Most readers in Britain are so well-supplied by books in their own language that they rarely venture into reading books in translation and therefore miss out on the best literature of other European nations. About a third of titles reviewed on A Common Reader are European books in translation and I am pleased to add The Silences of Hammerstein to this number.
Hans Magnus Enzensburger is considered to be Germany’s most important modern poet and is a highly regarded publisher and essayist. But he is little known in Britain, or presumably other English speaking nations.
His book, The Silences of Hammerstein is difficult to categorise, being in parts biographical, fictional and critical. One of its features is the way Enzensburger intersperses his narrative with imagined conversations with the main characters in his book in which he asks them pertinent questions and records the answers he thinks they would give. The book ranges far and wide, and reminds me a little of W G Sebald’s books in the way photographs are insterspersed among the pages, providing enigmatic insights into the narrative.
The Silences of Hammerstein, chronicles the life of a German General and his family as they lived their lives through the 1930s and 40s largely while being largely opposed to the rise of Nazism.
When Adolf Hitler seized power in Berlin, Kurt von Hammerstein was head of the German Defence Forces, and tried (unsuccessfully) to derail Hitler’s rise to Chancellorship. During the days of the Weimar Republic, Hammerstein had collaborated with the Russian military, who were able to supply Germany with weaponry despite the proscriptions of the Treaty of Versailles which prevented Germany from re-arming to any great degree.
Hammerstein was above all intelligent, and understood the dangers of Nazism from a military perspective and he judged Hitler to be insane, a jumped-up Private, who could lead Germany to destruction. However, when Hitler was assassinating those who opposed him, Hammerstein escaped death, partly because his opposition to Hitler was largely something he kept discretely to himself (thus the book’s title).
His silence however did not mean that his opposition was ineffective. It enabled him to retain connections throughout the German military and his home was a meeting place for various people who sought to depose Hitler and indeed his whole family in one way or another actively opposed the regime, particularly his daughters who were communist or at least sympathisers with the cause. Hammerstein was never arrested for his lack of commitment to Nazism and was allowed to retire and possibly his ill-health caused the Gestapo to feel that he was little danger to them (he died in 1943).
Enzensburger enjoys describing the contradictions of the Nazi years, how the utmost horror coexisted with the banalities of everyday life. In a section entitled, “On the scandal of synchronicity” he describes how Hollywood style comedies played in cinemas next door to apartment blocks which were emptying because of arrests. New schools were being built, while black vans transported the newly arrested to torture and death.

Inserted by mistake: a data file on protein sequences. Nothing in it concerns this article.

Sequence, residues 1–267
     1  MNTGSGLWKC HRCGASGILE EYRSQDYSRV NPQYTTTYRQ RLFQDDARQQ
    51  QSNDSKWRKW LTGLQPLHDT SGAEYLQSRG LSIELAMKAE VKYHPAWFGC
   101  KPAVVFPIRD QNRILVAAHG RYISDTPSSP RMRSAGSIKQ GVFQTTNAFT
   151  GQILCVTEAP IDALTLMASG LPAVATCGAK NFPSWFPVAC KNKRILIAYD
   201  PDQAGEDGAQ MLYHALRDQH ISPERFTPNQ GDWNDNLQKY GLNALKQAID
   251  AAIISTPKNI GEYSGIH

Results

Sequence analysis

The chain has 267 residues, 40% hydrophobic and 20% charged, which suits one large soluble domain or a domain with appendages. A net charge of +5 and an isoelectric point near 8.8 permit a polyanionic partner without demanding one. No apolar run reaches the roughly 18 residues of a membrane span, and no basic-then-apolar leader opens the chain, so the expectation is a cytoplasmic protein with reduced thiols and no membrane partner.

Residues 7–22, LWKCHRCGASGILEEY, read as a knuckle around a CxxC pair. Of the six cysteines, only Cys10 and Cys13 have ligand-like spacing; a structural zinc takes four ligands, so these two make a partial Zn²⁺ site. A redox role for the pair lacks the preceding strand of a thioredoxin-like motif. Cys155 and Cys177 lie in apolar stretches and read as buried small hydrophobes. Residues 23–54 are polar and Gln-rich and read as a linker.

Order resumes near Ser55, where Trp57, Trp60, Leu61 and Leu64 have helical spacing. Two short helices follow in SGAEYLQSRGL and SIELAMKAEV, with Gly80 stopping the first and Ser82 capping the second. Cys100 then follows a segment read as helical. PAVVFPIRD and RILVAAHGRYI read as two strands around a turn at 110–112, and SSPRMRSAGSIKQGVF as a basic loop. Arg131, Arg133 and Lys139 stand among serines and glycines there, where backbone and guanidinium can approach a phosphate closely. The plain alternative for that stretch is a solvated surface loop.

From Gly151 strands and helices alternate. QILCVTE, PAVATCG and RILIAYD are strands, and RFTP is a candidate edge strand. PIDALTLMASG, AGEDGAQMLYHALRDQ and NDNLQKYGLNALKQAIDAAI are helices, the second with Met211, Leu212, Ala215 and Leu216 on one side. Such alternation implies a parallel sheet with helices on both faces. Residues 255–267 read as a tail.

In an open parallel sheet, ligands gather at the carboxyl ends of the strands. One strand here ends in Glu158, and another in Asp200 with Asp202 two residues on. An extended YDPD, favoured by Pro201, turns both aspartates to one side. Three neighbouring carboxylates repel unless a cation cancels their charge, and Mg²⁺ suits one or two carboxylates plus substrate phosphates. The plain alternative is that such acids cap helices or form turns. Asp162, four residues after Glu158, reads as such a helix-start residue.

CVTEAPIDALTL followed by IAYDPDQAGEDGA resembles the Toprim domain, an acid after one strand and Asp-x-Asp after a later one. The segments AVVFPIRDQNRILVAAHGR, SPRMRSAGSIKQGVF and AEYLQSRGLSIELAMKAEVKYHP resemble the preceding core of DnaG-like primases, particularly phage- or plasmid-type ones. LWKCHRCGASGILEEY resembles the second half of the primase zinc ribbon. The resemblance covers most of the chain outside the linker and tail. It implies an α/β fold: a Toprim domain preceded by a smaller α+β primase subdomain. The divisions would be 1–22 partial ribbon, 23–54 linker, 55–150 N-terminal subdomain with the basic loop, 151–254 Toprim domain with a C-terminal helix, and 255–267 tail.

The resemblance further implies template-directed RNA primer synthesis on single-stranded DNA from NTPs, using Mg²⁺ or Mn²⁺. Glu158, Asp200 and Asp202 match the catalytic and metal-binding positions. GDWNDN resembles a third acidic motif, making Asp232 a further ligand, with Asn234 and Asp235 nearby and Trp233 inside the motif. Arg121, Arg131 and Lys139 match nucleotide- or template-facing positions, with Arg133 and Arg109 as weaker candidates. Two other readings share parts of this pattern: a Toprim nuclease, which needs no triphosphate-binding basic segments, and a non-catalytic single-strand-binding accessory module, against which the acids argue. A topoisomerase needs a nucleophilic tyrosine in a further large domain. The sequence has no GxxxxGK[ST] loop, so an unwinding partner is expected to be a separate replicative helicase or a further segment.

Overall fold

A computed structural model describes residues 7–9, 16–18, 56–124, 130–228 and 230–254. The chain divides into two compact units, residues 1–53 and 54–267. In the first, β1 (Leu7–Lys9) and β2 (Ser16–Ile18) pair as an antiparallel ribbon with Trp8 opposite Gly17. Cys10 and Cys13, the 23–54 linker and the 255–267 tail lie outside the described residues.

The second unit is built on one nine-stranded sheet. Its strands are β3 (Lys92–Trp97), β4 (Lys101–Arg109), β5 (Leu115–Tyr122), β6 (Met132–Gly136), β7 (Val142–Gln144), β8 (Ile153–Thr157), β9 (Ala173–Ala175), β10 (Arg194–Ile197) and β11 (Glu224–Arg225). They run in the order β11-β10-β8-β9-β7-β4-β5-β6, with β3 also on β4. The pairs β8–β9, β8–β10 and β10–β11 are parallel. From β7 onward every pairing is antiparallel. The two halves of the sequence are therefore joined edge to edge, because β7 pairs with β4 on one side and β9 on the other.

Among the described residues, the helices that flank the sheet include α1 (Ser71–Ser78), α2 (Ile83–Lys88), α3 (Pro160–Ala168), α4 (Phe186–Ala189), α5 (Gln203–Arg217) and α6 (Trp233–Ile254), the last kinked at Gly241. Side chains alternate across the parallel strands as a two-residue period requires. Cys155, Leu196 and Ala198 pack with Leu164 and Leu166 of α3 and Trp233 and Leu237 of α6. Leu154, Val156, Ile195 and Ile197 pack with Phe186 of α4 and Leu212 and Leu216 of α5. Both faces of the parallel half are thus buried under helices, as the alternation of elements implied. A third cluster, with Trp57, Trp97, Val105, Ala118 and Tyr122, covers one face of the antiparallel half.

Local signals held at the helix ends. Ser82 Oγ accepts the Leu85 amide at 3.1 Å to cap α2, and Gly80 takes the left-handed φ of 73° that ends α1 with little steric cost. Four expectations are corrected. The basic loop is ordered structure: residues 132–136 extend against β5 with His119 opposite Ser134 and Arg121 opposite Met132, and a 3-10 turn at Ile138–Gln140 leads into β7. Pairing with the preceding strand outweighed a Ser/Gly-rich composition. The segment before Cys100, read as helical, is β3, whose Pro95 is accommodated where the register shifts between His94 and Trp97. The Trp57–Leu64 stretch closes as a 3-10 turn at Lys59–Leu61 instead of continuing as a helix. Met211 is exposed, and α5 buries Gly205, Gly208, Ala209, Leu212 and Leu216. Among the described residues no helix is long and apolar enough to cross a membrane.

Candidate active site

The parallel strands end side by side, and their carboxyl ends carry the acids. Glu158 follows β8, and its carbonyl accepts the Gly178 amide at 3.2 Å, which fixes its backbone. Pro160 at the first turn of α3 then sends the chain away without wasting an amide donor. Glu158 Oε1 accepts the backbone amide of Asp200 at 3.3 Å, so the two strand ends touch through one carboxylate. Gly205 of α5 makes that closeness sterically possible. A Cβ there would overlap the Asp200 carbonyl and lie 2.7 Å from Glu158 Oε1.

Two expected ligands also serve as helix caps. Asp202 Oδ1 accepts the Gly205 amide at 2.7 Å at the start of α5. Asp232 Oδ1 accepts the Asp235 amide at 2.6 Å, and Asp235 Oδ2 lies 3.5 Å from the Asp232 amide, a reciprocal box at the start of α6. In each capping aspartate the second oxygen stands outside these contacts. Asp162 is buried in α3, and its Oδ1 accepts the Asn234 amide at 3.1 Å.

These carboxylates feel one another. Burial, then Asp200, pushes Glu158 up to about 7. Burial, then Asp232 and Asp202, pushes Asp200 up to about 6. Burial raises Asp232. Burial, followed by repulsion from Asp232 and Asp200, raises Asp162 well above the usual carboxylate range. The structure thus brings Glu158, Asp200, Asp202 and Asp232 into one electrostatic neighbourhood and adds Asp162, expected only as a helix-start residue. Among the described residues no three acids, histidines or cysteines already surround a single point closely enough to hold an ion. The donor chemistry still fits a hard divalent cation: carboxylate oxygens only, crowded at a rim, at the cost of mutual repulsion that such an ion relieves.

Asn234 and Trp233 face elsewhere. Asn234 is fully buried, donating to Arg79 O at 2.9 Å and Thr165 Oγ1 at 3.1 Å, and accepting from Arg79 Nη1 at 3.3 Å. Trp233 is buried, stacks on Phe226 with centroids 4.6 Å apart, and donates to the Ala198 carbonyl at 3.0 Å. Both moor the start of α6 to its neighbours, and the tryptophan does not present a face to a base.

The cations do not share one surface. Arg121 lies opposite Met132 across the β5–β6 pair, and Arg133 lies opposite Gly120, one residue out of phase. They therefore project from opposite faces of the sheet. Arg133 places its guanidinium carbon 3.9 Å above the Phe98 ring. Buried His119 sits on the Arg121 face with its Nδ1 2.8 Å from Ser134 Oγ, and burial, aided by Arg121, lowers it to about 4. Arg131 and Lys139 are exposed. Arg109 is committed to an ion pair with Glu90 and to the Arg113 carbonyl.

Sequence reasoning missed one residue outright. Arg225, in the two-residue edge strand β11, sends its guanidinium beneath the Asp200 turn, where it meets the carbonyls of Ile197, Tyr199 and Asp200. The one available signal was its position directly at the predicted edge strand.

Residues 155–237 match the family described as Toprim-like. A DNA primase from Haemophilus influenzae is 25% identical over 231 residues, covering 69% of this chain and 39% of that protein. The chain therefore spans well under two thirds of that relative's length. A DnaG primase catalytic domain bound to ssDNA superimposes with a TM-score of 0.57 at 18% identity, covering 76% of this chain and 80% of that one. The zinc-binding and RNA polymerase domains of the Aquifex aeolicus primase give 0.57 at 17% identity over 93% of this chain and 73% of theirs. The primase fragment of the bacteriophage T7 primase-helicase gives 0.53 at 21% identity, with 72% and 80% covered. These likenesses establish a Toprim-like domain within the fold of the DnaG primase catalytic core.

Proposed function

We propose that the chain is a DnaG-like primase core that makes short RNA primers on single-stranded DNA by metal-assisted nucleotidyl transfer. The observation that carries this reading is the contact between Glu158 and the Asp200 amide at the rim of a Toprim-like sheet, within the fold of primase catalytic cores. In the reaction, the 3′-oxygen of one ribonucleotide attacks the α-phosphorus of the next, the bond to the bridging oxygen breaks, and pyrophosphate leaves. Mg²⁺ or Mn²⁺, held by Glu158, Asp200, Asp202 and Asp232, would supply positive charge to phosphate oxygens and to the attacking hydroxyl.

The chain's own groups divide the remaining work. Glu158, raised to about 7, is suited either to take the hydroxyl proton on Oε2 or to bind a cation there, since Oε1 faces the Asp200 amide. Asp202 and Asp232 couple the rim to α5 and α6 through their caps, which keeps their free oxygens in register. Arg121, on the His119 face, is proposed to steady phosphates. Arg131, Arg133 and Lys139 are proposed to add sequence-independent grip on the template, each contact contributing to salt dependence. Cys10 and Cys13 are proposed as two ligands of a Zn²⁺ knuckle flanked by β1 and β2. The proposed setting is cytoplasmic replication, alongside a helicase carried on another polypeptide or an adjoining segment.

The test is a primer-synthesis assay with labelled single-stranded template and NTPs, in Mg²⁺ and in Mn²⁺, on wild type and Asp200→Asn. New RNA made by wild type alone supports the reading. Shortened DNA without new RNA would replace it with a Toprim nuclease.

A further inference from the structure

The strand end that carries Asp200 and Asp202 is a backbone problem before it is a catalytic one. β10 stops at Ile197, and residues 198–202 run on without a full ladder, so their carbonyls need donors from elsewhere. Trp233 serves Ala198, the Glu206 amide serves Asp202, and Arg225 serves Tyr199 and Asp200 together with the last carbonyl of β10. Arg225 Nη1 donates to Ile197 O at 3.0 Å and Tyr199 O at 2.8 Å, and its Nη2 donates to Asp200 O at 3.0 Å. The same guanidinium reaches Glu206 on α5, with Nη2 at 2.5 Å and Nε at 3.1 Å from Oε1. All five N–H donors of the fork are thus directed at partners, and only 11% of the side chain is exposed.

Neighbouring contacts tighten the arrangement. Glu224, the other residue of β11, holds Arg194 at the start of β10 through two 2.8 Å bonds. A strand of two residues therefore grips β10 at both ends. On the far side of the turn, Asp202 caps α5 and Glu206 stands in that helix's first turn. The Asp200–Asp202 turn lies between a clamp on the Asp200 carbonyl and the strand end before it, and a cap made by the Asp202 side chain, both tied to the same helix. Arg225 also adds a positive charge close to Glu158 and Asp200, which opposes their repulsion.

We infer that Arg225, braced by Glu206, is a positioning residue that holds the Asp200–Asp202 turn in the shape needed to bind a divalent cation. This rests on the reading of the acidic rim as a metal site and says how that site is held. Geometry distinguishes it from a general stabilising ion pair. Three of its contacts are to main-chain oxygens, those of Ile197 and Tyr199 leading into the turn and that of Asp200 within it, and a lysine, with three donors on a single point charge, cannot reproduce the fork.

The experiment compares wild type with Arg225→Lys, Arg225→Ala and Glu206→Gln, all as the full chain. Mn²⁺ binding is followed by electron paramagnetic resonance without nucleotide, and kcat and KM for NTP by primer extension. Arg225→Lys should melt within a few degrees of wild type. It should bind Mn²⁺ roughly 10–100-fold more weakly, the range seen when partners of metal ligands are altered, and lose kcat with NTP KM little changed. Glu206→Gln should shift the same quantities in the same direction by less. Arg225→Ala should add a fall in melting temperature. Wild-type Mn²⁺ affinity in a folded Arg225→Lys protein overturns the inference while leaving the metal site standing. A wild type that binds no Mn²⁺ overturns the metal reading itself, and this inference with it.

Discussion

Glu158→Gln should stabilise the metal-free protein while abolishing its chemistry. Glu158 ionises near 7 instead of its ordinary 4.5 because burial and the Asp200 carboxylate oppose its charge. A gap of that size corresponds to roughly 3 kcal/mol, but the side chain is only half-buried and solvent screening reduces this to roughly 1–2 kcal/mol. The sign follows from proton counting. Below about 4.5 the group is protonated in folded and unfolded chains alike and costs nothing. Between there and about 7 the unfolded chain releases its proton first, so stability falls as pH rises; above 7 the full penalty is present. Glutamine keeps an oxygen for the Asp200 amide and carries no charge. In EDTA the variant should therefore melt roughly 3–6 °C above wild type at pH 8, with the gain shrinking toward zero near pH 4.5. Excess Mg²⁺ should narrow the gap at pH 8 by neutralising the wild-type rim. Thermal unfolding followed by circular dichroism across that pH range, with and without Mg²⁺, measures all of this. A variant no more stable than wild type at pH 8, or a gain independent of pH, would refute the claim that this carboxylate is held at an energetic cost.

In the summer, the beaches were crowded, bee-keepers devoted themselves to bee-keeping, football was played, postage stamps collected, amateur sailors went sailing. As re-armament proceeded apace, holiday trips and cruises were organised for “workers with hand and brain” under a slogan “Strength Through Joy” that would make any present-day advertisers turn pale with envy.
It is apparent that for most people, at least during the 1930s, Nazism brought improvements to their lives and a sense of purpose, but Enzensburger brings out the deep contradictions in people’s lives, for it is certain for everyone who’s opposition to the regime was clear-cut their were many who were disturbed by what was going on while also benefiting from improving economic conditions and a revived sense of national pride. In some ways, Enezenburger’s “silence” was a powerful response, because someone in his position would have been expected to demostrate whole-hearted support of the Nazis. His failure to do so was perhaps statement enough.
This book has been very well-received in Germany and while I enjoyed it, I think its appeal will not be quite so great in other countries. While it is an interesting read, the history of the period is well-known and the book does not contain any dramatic new insights into the times. Hammerstein is not an appealing personality, being dour and serious and I got little sense of a personality with any appeal. I think the purpose of the book would be to help Germans understand the depths of opposition to the regime, and the book is successful in this. Opposition meant death sooner or later, and co-existence could only be maintained by keeping silent.
Silence is not however an attractive stance in terms of literature, it being difficult to read courage or passion into it. Hammerstein comes across as a military man who could never betray his country and who was therefore incapable of any creative response in opposition to Hitler. While the book is very well researched and presented and makes for a fascinating read, it could be said to lack a vital spark due to the lack of constructive action by its main character.